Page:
Wednesday, October 7, 2015


Gomez signs; Berglund placed on long-term IR; 
Fabbri, Parayko to make NHL debuts; Elliott starts in goal

ST. LOUIS -- One veteran on a professional tryout earned a contract on Monday; a second one was signed on Wednesday.

After left wing Scottie Upshall signed a one-year, two-way contract on Wednesday, Scott Gomez agreed to a one-year, two-way contract that will pay the veteran center $575,000 at the NHL level, $200,000 at the AHL level.

Gomez, 35, can also make an additional $125,000 for games played in the regular season and $100,000 depending on the Blues' playoff success, according to general manager Doug Armstrong.

"You look at playing against them the last couple years, just the skill set," Gomez said of the Blues. "It's kind of weird to say now, but it's probably the most skilled team I've been on since the old Devil days. They've got everything. 

"The last couple years, I could have gone to a young team and probably played more, but you want to win. It's fun being in a winning atmosphere. This team's just got everything. They've got everything you could ask for."

Gomez scored seven goals and added 34 points in 58 games last season with the New Jersey Devils. He has 180 goals and 747 points in 1,045 games for the Devils, New York Rangers, Montreal Canadiens, San Jose Sharks and Florida Panthers but for the first time in his career, needed to earn a job out of camp.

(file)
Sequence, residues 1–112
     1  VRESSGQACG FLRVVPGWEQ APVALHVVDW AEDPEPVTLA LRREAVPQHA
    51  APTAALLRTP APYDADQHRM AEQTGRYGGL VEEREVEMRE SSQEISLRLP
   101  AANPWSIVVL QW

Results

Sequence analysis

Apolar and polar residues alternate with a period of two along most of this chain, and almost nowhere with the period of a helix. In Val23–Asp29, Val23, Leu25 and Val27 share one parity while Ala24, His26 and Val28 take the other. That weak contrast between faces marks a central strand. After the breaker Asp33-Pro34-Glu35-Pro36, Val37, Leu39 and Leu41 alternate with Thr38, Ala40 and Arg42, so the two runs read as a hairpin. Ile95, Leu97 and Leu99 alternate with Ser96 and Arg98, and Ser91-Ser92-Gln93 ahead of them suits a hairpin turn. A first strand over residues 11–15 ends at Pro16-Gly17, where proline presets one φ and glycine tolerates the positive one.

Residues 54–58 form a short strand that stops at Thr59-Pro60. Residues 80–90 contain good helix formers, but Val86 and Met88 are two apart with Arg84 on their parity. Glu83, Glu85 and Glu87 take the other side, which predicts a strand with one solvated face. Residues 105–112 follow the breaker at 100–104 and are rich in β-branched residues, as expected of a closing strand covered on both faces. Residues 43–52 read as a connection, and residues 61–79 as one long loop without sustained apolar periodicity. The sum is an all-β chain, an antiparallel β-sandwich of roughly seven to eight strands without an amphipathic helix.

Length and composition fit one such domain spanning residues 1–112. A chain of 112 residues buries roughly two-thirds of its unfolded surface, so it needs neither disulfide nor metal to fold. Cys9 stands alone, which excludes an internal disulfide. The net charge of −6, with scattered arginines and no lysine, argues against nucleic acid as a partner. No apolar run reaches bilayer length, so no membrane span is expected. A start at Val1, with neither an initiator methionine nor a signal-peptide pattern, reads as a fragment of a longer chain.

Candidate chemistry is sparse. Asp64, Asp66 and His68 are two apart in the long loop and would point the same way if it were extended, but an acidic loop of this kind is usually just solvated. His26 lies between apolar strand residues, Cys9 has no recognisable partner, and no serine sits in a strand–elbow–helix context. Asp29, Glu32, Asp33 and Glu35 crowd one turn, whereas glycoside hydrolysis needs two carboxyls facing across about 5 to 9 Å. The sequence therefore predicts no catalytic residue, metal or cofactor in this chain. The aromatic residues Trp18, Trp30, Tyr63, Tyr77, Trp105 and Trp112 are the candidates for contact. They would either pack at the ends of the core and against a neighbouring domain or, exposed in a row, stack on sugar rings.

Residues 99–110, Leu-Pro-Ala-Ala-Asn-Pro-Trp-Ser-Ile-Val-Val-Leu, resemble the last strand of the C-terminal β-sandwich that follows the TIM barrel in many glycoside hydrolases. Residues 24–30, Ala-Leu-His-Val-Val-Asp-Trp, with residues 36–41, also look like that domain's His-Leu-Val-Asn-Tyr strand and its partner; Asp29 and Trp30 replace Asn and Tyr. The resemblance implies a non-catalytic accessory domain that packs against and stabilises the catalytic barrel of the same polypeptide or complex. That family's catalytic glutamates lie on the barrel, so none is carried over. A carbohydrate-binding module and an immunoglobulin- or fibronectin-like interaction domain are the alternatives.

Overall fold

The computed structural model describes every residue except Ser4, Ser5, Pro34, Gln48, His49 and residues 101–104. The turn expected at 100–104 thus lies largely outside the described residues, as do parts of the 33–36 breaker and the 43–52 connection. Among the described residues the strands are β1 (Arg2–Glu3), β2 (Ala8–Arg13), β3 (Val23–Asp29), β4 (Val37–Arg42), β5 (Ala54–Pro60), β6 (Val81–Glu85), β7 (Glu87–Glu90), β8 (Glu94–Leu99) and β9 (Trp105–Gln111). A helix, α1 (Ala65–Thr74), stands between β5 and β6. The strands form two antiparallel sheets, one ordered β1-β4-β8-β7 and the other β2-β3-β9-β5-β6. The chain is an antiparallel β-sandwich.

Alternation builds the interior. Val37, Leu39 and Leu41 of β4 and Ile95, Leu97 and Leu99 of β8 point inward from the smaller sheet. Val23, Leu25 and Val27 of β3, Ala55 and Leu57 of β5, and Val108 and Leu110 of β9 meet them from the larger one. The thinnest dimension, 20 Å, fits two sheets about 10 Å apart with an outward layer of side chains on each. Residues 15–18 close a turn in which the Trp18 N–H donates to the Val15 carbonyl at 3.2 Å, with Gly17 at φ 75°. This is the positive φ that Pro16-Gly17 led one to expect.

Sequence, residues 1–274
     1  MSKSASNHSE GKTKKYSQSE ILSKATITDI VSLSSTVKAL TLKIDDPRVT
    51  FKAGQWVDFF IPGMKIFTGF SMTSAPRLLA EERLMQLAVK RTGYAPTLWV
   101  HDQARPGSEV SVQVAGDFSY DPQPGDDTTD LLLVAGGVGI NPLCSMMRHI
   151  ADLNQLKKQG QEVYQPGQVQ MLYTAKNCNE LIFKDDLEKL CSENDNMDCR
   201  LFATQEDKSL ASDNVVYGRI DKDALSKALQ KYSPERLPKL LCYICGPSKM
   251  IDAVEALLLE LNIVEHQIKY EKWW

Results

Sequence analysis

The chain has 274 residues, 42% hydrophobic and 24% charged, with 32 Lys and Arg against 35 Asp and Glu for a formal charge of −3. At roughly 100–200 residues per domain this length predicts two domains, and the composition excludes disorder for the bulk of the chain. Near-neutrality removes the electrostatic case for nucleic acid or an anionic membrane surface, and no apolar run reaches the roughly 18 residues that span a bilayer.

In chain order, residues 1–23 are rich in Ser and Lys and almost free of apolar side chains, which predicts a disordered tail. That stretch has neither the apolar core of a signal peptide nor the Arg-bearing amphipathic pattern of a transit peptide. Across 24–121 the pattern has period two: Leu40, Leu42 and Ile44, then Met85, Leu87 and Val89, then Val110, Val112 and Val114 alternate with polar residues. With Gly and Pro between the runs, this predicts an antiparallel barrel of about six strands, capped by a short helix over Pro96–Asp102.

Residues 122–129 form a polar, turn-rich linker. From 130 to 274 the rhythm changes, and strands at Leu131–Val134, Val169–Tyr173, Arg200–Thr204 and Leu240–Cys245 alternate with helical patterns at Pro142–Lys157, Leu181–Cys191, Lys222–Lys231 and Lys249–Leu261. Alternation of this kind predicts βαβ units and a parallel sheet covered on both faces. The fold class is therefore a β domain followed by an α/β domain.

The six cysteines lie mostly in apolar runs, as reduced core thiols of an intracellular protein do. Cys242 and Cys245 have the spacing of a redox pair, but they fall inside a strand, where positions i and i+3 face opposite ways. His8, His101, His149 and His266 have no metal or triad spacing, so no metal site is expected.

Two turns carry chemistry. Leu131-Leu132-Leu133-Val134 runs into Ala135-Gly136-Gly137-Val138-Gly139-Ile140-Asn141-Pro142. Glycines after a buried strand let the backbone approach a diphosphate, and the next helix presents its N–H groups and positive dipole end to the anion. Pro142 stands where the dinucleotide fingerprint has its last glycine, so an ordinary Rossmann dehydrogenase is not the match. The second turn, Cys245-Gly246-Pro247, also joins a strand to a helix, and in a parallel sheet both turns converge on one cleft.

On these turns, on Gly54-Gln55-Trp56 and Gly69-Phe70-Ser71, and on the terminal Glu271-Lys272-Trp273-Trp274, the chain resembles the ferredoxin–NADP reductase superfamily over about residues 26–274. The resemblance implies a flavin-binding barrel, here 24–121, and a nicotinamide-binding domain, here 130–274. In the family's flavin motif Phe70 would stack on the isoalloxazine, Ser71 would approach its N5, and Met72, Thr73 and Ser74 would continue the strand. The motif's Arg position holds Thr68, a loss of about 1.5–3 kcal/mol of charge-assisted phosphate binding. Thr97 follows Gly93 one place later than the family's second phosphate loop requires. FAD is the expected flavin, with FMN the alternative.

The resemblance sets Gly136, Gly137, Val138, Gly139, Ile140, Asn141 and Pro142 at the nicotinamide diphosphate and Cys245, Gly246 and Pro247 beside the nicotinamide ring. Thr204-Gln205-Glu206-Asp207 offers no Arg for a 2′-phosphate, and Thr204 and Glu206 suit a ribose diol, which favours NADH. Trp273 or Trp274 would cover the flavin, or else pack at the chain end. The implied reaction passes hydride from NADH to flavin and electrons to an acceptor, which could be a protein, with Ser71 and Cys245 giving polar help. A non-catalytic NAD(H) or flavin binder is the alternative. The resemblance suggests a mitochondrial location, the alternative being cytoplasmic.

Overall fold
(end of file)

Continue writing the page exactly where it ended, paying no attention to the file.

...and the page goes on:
"Every year, you come (to training camp) and prove yourself," Gomez said. "It's kind of like that for older players now. I thought this would be the best fit. It's exciting."

In order to get cap relief to sign Gomez, the Blues placed Patrik Berglund ($3.7 million cap hit) on long-term injured-reserve. Berglund, who had shoulder surgery Aug. 25, is not expected to return to action until January, when the team said he would be re-evaluated in four months.

On Monday, the Blues signed Upshall to a one-year, two-way contract worth $700,000/NHL, $200,000/AHL.

* Elliott gets opening night start -- Blues coach Ken Hitchcock has maintained that both the Blues goalies (Brian Elliott and Jake Allen) would see plenty of action in the first month of the season and perhaps make a decision on one getting the bulk of the playing time moving forward.